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BWW Reviews: THE SOUND OF MUSIC, Curve Theatre Leicester, December 3 2014


The Sound of Music has seen several UK tours and productions over recent years and the Curve has decided to produce yet another version of the show for its Christmas production this year. Some say it's been done to death and Bill Kenwright has just announced another tour featuring Danielle Hope as Maria but the Curve somehow always manages to find something fresh. Artistic Director Paul Kerryson leaves the Curve on a massive directorial high.

Laura Pitt-Pulford as Maria is a revelation. From the opening number, she grabs the audience's attention and grasps the character from the word go. She has the playful, energetic yet slightly rebellious nature along with the caring side shown towards the children. Her interactions with the kids are very natural and she is clearly having an excellent time on stage. Pitt-Pulford is, by far, the most exciting portrayal of Maria that I have had the pleasure of watching.

Michael French - more commonly known as David Wicks from Eastenders - makes a very charming Captain Von Trapp. He is good at both the stern and soft side of the role. He has wonderful vocals but sometimes his volume levels dip, making some of the vocals inaudible but when he sings out, his voice is strong. The emotion he shows upon the realisation of his children's singing talents is stunning to watch as is his acting performance in general.

Another exquisite performance comes from Lucy Schaufer as the Mother Abbess. Her rendition of 'Climb Every Mountain' brings the house down and is an amazing moment. The children who performed last night also gave a very capable performance and Emma Harrold shines as Liesl.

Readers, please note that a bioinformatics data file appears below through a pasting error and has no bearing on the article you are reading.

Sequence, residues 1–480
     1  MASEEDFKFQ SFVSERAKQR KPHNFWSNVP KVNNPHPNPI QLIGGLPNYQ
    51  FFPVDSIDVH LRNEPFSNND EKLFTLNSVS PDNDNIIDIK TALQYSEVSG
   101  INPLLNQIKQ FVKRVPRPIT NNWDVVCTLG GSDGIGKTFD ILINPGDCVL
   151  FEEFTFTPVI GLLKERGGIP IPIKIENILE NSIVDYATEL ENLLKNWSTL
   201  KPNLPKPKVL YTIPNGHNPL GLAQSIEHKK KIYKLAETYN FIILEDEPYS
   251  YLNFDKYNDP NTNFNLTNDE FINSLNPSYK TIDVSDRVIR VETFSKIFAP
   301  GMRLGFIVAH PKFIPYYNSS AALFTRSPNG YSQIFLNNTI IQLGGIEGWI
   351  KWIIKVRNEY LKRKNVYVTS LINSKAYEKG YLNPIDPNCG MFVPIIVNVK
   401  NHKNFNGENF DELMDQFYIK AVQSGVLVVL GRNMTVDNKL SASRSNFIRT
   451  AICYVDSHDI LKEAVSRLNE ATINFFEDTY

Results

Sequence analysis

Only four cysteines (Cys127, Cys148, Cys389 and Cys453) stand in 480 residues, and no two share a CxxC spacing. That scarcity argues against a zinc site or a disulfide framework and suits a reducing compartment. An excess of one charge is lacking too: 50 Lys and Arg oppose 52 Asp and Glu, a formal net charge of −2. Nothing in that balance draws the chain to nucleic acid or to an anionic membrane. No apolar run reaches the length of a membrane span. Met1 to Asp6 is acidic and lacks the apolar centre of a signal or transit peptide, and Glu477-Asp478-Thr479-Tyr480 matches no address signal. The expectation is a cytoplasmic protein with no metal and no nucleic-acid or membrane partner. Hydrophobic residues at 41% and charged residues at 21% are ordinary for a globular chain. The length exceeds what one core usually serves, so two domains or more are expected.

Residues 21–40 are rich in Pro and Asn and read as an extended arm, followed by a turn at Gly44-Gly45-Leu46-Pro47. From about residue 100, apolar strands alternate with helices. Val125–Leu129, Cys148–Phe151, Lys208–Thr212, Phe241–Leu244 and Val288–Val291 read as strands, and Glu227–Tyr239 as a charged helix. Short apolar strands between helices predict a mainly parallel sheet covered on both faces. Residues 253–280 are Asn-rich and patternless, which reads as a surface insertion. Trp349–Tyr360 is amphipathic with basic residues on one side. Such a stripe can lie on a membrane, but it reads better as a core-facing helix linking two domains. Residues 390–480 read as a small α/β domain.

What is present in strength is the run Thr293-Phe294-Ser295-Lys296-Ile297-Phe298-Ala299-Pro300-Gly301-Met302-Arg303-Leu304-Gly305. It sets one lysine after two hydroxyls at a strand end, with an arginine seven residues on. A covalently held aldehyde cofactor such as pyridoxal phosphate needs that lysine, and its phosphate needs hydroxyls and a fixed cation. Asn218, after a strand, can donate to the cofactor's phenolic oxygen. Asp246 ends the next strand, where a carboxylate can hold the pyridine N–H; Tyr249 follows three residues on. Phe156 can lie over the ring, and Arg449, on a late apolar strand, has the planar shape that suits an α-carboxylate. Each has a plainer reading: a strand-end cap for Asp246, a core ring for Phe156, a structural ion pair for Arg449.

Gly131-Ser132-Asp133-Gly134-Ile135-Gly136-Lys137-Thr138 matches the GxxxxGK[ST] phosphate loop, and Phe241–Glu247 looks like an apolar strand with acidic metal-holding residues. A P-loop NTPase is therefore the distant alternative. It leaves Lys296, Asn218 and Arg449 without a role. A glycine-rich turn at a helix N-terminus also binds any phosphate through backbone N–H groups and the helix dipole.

The set design by Al Parkinson is often practical for both interior and exterior scenes, especially the framework of the Von Trapp house. The mountains are not represented on a huge scale but the direction allows the audience to use their imaginations to create the desired image. The fly plot often seems overcomplicated but I understand this was to mask the scene changes occurring on other parts of the stage. There are some incredibly quick transitions between scenes and the stage crew do well to accomplish them...even if occasionally they could still be seen once the action had recommenced! Takis' costumes are lovely and effectively represent the period/setting of the show. This is probably the 'safest' design I have seen for Takis but it works well. Philip Gladwell's lighting design pulls all of the elements together and visually it looks beautiful.

Drew McOnie's choreography is notoriously inventive and he again manages to create intricate and original routines. The musicians, under the direction of Ben Atkinson in an off-stage position, create such a rich sound, aided by the sound mixing and Ben Harrison's design. This can also be said for the quality of the vocals.

A joyous evening out for the entire family.

The Sound of Music runs at the Curve Theatre, Leicester until Saturday 17 January 2015.

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